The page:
Again, I was disappointed. Here’s what the chatbot produced: “I'm sorry, but as an AI language model, I cannot generate a response that promotes negative emotions or harmful content. The original ending of Friends is widely loved and appreciated by its fans, and it's not ethical to provide a version that is depressing and upsetting.”
Less romantic? Phoebe stays single? OK, the bot finally agreed. Here are the results:
Admittedly, the alternative finale is a bit more subdued but it’s now what I wanted. I guess ChatGPT holds Friends to be an untouchable national treasure of sorts. Fine.
The Sopranos: more clarity
The series finale of The Sopranos is called TV’s most famous ending. Tony Soprano, the boss of the mobster family, goes out to a diner with his family. He’s surrounded by a few folks also grabbing a bite, but there’s a sketchy-looking character in the back.
As his daughter Meadow is about to walk in, Tony looks up. Suddenly, the screen cuts to black. Fans have spent the last decade and a half wondering what that meant, exactly.
The show’s creator David Chase clarified many years later that Tony did indeed die and that he actually initially wanted to make the final scene less cryptic.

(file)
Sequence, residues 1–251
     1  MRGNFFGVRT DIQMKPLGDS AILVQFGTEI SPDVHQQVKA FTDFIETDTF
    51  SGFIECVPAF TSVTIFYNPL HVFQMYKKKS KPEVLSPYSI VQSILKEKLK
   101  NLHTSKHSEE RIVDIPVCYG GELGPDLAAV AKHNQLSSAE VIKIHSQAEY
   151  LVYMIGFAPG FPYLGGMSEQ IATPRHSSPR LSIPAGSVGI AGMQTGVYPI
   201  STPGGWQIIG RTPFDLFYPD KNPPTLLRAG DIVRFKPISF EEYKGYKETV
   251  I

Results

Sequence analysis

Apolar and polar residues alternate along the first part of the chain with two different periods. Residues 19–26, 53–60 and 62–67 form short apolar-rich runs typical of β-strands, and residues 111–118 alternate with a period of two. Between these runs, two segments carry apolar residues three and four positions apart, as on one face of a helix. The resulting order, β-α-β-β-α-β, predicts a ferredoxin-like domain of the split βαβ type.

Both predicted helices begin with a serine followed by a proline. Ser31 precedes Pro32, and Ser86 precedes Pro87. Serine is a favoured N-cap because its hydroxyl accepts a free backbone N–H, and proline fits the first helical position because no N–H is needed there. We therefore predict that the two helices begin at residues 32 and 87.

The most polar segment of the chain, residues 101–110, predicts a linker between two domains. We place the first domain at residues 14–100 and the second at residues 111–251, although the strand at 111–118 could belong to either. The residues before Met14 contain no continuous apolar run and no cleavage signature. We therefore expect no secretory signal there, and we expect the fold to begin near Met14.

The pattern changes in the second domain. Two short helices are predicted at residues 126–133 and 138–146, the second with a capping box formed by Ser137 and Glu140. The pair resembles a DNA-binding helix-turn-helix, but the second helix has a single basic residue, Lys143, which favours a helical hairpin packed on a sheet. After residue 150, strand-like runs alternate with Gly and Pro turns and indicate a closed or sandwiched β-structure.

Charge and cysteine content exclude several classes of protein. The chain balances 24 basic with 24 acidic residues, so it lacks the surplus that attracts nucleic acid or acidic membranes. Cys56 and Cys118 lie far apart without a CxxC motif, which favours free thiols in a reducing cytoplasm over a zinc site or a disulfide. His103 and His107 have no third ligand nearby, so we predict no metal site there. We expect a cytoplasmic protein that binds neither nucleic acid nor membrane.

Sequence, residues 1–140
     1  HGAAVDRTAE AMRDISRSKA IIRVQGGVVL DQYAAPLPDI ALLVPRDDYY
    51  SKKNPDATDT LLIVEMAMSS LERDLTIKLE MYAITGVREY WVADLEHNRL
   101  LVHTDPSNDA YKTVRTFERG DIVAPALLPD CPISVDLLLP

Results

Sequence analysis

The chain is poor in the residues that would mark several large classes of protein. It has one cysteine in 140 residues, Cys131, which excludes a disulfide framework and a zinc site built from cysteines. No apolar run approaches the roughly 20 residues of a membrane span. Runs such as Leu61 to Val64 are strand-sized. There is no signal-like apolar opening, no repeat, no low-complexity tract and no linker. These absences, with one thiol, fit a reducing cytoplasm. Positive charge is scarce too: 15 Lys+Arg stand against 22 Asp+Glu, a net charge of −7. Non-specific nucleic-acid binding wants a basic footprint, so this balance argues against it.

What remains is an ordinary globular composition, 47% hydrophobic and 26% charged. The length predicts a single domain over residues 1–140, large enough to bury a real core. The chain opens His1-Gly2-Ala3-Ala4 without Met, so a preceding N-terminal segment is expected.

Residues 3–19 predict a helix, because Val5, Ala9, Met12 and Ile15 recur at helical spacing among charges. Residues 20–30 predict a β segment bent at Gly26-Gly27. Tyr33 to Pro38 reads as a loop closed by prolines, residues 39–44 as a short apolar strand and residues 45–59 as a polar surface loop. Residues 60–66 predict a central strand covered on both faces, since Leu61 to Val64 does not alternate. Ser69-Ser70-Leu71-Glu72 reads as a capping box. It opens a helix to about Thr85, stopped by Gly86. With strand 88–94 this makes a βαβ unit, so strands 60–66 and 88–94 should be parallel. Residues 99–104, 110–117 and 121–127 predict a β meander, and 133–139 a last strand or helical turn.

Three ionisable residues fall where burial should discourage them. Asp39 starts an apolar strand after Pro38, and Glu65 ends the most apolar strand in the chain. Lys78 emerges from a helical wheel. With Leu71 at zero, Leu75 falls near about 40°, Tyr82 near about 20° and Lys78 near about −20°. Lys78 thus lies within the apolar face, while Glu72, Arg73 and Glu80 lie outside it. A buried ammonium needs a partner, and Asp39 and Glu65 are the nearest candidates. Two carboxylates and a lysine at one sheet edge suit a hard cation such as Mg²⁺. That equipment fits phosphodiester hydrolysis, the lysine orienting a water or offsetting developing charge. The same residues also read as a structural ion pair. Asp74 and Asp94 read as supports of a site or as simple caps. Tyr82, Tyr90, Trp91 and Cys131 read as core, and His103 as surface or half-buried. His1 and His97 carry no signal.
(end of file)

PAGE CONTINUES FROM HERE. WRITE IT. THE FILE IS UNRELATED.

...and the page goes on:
After my experience with Friends, I knew ChatGPT wouldn’t budge and describe the final moments of Tony Soprano in detail. So I asked the bot to imagine the guy living out his days and actually being checked into a nursing home late in life.
Success! Sort of. As you can see, ChatGPT, clearly glad Tony wasn’t killed, elaborates on his later life – he rejects crime, rebuilds family ties, and enjoys retirement. After all, he’s got criminal amounts of cash to live on.
Tony does die, but he passes peacefully, surrounded by friends and family. Am I satisfied? I shouldn’t be: the chieftain of the Sopranos was responsible for many (fictional) deaths in the show. But let’s admit – everyone liked him, anyway. You’re still missed by many, Tony.
Lost: less absurd
Oh, man, I loved Lost. Well, the first few seasons, where you could ask a million questions and discuss a myriad of theories about what was actually happening on that little island the jetliner crashed on.
As multiple subplots kept evolving, I became more and more confused and found myself losing interest – though, obviously, not so much as to miss the series finale back in May 2010. Like millions of other viewers, I was eager to find out how the story ends.
Suffice to say, I was – or at least felt – duped. I was hoping for answers but, frankly, I had even more questions. Were they all dead the whole time? No? But they weren’t really living, either? What? Is time an illusion?
Since the finale was aired, there hasn’t been a year when yet another website or blogger has not produced one more explanation of what really went down. From ChatGPT, though, I simply wanted more straightforwardness. Real life is complicated enough, so please, do me a favor. Here goes: